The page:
One of the greatest influences on my teaching was Stuart Kaminsky. Yes, I read his novels and his non-fiction, but he was also one of the great intellectual influences on my thinking, writing, and teaching. To get to film, Stuart argued, you needed the foundation. So we read Freud. We read Jung. We read Arnheim, Bazin. We read about editing, time, and space. Then he would show up to class and say, Can someone tell me what time it is? My kids threw my watch in the bathtub this morning.
Then we would talk about Totem and Taboo, or Film As Art. He taught me how criticism needed to not waste time on evaluations of good or bad, but instead get after the question of what was really going on. We watched M*A*S*H, Mary Tyler Moore, and one of his favorites at the time, Harry O. Later he taught a class in film authorship that studied three filmmakers. He said, We aren't watching these because they are good, we are watching them because I like them and like talking about them. Then we plundered the careers of Don Siegel, Robert Aldrich, and Cornel Wilde. Every good education needs its moments with The Naked Prey. The discussions were inspiring. He taught me something I always try to teach my students; when you are trying to figure out meaning in culture, it really doesn't matter as much what you are looking at as it matters how you are looking at it.
And then, another day, he walked into class and said, Don't say anything about this sweater. It was a present and I have to wear it.
I don't have his delivery, but I try to use some of his ideas. He is always there in the background of my classes.
Stuart took a semester's leave from Northwestern to work with Sergio Leone on the dialog for Once Upon a Time in America, Leone's cradle-to-grave epic of American mobsters played by Robert de Niro and James Woods. A flock of Italian writers, including Leone, had worked on the script, basing it on a novel called The Hoods (1952) written in prison by Harry Grey, an ex-hood himself. They had produced almost nothing in the way of dialogue, however. Stuart had to write most of the approximately three hours of dialogue for the film. After many revisions, the project wasn't finished, and Stuart had to request his leave be extended. It wasn't unpleasant to spend so much time in Italy, but Leone was maddening. He was a crazy man, Stuart told me. He was genius, but he was crazy. Like Chaplin or Kubrick, Leone didn't care about anything but his film, and things like other people's job security rode in third class. Stuart stuck it out, however, and the end result was one of the best gangster movies ever made.
Later, Stuart wrote the screenplay for Enemy Territory (1987, with Jan-Michael Vincent) and Woman in the Wind (1990, with Colleen Dewhurst). Stuart's novel When a Dark Man Calls (1983) was adapted for the screen twice, once in France, and he adapted his own novel Exercise in Terror (1985) into the screenplay for Hidden Fears (1993, with Meg Foster). Mostly, however, he concentrated on his fiction. At the time of his death last October ninth, he had published well over 50 novels. My father was certainly a great writer, Stuart's son Peter commented. I was always afraid he would earn the respect of his contemporaries posthumously. It took too many years before the Mystery Writers of America recognized Stuart in 2006 with their highest award by declaring him one of the Grandmasters.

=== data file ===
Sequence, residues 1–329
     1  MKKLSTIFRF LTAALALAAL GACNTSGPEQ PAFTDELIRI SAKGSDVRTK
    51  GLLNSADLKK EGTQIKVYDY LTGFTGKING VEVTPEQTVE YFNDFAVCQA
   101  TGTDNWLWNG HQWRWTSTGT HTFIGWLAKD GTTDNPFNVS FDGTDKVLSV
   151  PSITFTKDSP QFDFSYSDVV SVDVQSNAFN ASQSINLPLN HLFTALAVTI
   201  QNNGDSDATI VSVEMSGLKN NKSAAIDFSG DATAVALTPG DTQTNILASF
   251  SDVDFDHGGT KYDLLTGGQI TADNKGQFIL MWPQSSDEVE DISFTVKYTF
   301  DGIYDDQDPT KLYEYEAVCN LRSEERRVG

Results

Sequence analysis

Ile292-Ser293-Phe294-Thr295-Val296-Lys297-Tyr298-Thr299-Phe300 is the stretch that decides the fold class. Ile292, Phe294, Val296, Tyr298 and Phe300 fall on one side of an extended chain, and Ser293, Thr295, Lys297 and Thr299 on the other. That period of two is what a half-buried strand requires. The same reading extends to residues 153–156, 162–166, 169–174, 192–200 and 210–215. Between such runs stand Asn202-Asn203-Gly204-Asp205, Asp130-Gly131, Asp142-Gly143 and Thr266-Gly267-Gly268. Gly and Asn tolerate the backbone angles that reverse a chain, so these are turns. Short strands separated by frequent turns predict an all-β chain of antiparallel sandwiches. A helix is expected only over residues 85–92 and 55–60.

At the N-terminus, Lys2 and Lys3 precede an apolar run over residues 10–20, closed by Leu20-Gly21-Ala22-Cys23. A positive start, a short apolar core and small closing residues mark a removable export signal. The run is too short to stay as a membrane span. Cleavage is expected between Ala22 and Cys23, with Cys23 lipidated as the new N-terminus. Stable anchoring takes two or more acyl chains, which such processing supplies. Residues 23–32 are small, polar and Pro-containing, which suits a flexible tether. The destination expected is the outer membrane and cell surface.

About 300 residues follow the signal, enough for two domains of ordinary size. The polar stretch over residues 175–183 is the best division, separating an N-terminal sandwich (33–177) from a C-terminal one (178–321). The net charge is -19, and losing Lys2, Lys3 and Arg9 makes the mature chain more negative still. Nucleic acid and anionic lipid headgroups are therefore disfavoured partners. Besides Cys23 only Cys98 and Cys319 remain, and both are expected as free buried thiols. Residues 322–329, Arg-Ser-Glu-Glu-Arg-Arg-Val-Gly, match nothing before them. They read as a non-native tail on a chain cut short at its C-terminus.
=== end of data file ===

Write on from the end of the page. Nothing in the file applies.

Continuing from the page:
The first time I met him in the bibulous atmosphere of the el Tren Negro, I noticed that he did not drink, but I only found out the reason later. In France during the time of the Korean War, Stuart had served as an Army medic and picked up the hepatitis that eventually caused his liver failure. Though he loved Sarasota, in March 2009, he and Enid moved to St. Louis to be nearer a transplant. He had only been there a couple of days when he suffered a stroke. This made him ineligible for a transplant, and the result was inevitable.
Being with Stuart was always a happy occasion, but my happiest memory of being in his company is an evening when I ran into Stuart, Enid, and Natasha at one of the Edgar events, the authors' and agents' reception, I think. He invited my wife Melissa and I to join him later for dinner at a legendary restaurant, Sammy's Famous Roumanian. A time was arranged, but our cab driver not only hadn't heard of the restaurant, but confused Chrystie Street with Christopher Street. Eventually, we pulled up in a dark and graffiti-filled block near Delancey and Bowery. There was a crude sign that said Sammy's in Hebraicized letters, but nothing looked like this was the site of any famous restaurant. Not even sure we should leave the safety of the cab, we took a deep breath and climbed down the stairs from the street into a warm place out of time, from when the neighborhood had been home to Jewish immigrants.
Yellowing photos of celebrities lined the walls. A grizzled clarinetist played the old songs and was soon joined by a woman on a trombone. Stuart told us to order the Romanian steak. It hung over the ends of the platter, like the side of a cow had been peeled. Stuart was anxious to have his 'Tasha try an egg cream, something he treasured from his childhood, and was disappointed she seemed unimpressed. Wearing a pimp's ransom of rings and gold chains, the manager strolled from table to table with a hefty goblet of wine quizzing his patrons with trivia questions. Stuart snagged them like Willie Mays catching pop flies. On one question, the original name of the Ed Sullivan show, I got lucky and managed to beat Stuart out. This so impressed the owner that he gave me a Sammy's baseball cap. I still treasure that cap as a reminder of the quantum-sized nanosecond I was smarter than Stuart Kaminsky. Evenings with a mensch like him remind you what life is for, and life was much richer when Stuart was with us.